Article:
Encore Congratulates First Moi Scholarship Recipient
By Erin Madsen on Monday, November 29th, 2010
Congratulations to Geoffrey M. Maina, the first recipient of the Moi University Nursing PhD Scholarship of $5000. The Moi University Nursing PhD Scholarship Fund was established by Gene Marsh, RN, PhD, an Encore Volunteer in 2010, assigned to a project sponsored by Johnson and Johnson in partnership with Moi University in Eldoret, Kenya to build capacity and strengthen Nursing in Africa. Individual contributions plus funding from a Shearwater Foundation grant will enable Encore to award a total of three scholarships throughout next year.
Geoffrey is a Kenyan nurse educator working for Moi University. He is 31 years old and pursuing his PhD in Nursing at the University of Alberta, Edmonton, Canada. Geoffrey graduated with a Bachelor of Science in Nursing (BScN) from Moi University in 2002. Following graduation, he worked with Moi Teaching and Referral Hospital as a staff nurse. In 2003 he was employed by Moi University as a Graduate Assistant in the Department of Nursing Sciences. He received his Masters in Nursing from the University of KwaZulu-Natal, South Africa in 2008. Since then, he has been teaching Community Health Nursing.
Geoffrey’s research interests focus on women’s health, particularly intimate partner violence, and HIV among vulnerable populations. He has presented his research findings at several international conferences and has published a few articles in peer reviewed journals. More recently he has been conducting a study on HIV among vulnerable populations such as taxi drivers in Kenya.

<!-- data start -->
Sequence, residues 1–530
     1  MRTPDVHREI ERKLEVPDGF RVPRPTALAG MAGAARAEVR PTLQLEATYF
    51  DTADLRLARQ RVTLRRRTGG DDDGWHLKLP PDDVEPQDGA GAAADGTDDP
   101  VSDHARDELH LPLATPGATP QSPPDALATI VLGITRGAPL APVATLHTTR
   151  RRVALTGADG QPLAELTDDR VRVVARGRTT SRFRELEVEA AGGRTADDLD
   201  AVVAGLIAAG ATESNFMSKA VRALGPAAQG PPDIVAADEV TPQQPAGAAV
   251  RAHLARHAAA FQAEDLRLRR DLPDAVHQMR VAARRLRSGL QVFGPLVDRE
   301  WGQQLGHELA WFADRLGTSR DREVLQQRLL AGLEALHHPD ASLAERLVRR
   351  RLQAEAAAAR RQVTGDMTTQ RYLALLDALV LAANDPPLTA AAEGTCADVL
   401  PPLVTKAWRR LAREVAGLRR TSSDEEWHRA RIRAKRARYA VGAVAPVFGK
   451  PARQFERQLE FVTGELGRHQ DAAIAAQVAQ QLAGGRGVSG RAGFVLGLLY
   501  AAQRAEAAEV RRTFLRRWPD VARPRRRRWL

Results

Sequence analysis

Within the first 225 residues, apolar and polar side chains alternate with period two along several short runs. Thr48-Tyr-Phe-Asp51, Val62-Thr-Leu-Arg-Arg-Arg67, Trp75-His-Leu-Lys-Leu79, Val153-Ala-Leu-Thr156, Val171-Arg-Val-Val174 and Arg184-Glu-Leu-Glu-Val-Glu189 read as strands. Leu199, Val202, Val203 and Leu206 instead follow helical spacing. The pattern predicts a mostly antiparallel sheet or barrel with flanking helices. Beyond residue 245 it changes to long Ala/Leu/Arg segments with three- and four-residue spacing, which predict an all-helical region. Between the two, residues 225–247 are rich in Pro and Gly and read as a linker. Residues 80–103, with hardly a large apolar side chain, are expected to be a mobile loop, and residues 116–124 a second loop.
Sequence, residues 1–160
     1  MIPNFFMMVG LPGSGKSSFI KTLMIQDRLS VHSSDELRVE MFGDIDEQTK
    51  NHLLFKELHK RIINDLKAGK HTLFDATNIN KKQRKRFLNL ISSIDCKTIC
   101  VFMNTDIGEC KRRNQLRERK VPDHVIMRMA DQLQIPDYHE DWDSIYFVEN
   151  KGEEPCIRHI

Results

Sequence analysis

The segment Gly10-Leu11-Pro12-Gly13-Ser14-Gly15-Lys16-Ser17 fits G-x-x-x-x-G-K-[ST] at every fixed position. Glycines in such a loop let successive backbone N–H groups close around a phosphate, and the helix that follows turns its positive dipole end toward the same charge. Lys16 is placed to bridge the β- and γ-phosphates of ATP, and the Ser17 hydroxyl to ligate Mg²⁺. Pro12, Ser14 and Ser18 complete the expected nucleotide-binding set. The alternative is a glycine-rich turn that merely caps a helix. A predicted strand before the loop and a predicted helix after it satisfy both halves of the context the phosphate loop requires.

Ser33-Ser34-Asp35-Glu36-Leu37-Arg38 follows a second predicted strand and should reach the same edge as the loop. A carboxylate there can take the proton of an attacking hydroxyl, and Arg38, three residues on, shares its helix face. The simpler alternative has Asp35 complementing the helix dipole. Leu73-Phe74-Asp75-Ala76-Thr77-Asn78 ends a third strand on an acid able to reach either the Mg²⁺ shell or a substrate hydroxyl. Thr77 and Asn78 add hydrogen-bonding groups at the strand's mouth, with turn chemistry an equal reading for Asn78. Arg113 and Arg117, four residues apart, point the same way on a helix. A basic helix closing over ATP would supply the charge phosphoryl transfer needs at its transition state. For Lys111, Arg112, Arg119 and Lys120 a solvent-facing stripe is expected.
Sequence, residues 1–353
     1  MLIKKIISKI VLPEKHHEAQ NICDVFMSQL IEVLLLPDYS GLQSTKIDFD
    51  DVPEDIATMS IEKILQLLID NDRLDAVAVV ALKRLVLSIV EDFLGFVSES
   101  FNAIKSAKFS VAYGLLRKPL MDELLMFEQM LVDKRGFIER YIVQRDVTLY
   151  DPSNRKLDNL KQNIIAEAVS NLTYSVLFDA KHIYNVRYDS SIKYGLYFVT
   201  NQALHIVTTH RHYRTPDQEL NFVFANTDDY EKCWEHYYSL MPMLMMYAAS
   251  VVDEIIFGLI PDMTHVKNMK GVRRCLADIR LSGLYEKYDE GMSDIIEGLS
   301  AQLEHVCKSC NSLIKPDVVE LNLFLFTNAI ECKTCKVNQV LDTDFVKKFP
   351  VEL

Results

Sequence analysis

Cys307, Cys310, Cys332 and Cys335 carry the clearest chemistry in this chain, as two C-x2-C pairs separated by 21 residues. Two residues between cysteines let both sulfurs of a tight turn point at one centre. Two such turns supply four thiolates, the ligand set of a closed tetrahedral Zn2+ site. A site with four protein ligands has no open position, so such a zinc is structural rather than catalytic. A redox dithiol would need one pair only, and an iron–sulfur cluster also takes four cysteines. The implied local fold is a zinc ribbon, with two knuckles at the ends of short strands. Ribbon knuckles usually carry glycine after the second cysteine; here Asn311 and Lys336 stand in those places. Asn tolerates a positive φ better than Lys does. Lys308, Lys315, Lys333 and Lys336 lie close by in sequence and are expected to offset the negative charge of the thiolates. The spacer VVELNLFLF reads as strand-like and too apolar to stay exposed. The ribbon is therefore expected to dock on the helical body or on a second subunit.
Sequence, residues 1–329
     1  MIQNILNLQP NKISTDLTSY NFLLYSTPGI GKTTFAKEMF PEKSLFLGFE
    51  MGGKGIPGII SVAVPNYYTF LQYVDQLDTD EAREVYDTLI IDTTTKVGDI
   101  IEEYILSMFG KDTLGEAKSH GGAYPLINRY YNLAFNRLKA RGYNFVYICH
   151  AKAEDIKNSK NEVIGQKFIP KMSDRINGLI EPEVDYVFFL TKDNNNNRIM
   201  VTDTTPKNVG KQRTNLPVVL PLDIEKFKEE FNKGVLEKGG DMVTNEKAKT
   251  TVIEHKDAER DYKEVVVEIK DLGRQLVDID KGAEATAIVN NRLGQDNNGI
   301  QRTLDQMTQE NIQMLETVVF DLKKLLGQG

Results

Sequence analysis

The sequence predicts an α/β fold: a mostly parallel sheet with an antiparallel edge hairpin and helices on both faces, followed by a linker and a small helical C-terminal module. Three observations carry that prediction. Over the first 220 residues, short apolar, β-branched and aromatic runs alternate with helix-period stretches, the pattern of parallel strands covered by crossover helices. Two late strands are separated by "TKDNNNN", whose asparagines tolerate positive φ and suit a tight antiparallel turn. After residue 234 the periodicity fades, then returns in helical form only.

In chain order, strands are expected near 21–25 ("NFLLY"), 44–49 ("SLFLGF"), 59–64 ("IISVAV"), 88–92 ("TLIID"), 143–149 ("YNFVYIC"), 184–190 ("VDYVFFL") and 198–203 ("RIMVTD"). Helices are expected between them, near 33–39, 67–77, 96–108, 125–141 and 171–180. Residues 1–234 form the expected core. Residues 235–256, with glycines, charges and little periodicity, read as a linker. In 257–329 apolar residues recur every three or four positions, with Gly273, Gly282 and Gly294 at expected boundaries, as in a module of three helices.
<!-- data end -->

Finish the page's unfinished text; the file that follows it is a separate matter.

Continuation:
Geoffrey says, “I am married to Tabitha and have one son, Milan who is four years old. Both of them are in Kenya. I hope they will join me in the course of next year. Thank you for the award of the Moi University Nursing PhD Scholarship. It is an honor to be the first recipient of this award.”
Geoffrey currently is in his first semester of Nursing doctoral study at the University of Alberta. The program is four years long, and he will be undertaking a project on the mentoring of nurses on HIV for his doctoral dissertation. Geoffrey states that “My aim is to be equipped as a nurse educator so that after graduation, I will be a better mentor to the masters’ students in Nursing in my home country. In addition, I hope to be mentored by colleagues in North America and develop networks which can yield collaborative projects to benefit nurses in Kenya.”